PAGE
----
That ultimate fantasy of the couch potato may become a reality some day, according to researchers who have found the chemical pathways that muscle cells use to build strength and endurance.
With this basic knowledge in hand, it now may be possible to develop a pill that pumps up muscle cells without all that exercise, said Dr. R. Sanders Williams, dean of the Duke University of School of Medicine. The main target of the study is to promote the health of people with heart disease or other conditions that keep them from doing enough exercise.
"This could lead to drugs that will let people get the health benefits of regular exercise, even if they cannot exercise," said Williams. This could help patients with heart or lung disease, or lower the risk of Type II diabetes, for instance. "It is possible it could become a drug of abuse because it would enhance the performance of athletes," he said.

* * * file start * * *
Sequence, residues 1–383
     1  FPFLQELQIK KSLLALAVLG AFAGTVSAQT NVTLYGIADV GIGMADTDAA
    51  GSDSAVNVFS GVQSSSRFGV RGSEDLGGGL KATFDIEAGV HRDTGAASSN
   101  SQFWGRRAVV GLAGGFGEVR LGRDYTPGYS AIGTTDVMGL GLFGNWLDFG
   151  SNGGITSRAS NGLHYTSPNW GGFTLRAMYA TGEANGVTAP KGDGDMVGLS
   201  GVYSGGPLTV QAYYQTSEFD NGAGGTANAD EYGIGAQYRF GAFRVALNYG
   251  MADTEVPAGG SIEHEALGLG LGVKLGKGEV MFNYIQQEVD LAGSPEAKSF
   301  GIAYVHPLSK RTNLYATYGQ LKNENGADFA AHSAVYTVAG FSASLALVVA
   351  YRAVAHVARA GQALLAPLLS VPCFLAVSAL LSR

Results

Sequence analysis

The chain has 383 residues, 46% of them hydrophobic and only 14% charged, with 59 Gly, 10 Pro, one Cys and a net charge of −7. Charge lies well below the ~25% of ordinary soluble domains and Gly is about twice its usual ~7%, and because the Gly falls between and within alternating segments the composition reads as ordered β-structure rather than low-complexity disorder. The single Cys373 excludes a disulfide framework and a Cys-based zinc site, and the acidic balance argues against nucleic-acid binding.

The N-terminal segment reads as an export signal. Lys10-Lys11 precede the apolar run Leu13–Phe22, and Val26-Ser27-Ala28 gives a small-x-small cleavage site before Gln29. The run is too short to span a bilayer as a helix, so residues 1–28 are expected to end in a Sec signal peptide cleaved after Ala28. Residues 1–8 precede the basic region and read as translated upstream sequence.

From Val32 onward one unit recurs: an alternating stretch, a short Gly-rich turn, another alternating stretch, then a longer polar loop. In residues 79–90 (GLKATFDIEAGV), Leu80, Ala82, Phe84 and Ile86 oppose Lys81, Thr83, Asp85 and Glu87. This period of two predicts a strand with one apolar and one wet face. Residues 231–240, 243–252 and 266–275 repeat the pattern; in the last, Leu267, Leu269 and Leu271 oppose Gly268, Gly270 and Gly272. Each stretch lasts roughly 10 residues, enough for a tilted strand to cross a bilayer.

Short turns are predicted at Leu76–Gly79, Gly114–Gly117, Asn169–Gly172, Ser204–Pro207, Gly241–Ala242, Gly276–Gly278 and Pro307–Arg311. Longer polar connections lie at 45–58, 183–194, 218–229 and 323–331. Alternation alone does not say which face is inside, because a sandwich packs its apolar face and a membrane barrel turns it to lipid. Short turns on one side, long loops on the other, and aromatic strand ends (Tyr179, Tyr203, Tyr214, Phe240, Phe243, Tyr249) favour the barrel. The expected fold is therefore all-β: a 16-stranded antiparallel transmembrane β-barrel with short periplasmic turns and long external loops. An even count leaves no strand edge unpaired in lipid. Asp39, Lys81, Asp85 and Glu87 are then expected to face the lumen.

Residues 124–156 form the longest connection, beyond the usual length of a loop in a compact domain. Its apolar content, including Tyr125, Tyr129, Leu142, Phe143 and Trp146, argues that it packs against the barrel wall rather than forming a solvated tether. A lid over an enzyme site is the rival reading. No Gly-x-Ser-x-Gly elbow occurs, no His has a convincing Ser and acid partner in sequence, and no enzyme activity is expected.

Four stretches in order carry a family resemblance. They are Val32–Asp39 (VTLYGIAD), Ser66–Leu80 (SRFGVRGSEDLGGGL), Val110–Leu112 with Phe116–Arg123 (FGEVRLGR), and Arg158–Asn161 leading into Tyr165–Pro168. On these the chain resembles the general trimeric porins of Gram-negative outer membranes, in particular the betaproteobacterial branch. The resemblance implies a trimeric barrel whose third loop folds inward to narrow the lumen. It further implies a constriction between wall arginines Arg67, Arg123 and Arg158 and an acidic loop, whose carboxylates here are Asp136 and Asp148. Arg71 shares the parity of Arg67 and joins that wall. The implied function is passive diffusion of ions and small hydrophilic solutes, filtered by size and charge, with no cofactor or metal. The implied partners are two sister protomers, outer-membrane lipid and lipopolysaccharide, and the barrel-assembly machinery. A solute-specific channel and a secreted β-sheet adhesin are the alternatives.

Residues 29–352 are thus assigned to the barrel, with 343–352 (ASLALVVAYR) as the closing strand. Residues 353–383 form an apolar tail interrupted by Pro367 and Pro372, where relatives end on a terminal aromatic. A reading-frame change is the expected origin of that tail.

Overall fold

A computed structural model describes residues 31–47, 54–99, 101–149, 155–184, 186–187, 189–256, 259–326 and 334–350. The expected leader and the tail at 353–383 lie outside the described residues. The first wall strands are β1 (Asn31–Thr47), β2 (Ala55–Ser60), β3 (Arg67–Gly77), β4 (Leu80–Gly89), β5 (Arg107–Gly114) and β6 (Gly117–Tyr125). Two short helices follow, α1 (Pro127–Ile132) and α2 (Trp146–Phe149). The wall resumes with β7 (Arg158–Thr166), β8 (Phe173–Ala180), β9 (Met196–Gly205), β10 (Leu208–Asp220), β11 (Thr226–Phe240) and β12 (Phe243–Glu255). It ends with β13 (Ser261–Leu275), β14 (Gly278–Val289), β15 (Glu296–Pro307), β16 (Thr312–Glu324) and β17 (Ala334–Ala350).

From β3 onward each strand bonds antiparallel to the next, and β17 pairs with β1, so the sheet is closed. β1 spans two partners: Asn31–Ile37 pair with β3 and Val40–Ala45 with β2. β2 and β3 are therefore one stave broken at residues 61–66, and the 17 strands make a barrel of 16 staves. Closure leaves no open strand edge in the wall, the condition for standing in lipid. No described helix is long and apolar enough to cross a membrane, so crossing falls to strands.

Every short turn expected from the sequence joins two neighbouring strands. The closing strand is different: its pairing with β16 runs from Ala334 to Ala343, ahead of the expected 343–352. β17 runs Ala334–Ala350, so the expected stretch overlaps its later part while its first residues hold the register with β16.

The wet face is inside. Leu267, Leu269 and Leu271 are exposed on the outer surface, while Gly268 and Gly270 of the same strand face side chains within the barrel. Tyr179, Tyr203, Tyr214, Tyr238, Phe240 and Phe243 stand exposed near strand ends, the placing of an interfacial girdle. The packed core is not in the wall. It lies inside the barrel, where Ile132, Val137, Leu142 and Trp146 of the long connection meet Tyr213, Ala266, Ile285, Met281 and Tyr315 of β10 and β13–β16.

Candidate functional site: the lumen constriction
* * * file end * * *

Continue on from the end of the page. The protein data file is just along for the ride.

In the study, Williams and colleagues created a group of mice with genes that made a surplus of a protein called calmodulin-dependent protein kinase, or CaMK. When this protein is activated, it and another protein, calcineurin, trigger the physical changes that muscle cells undergo after intense exercise.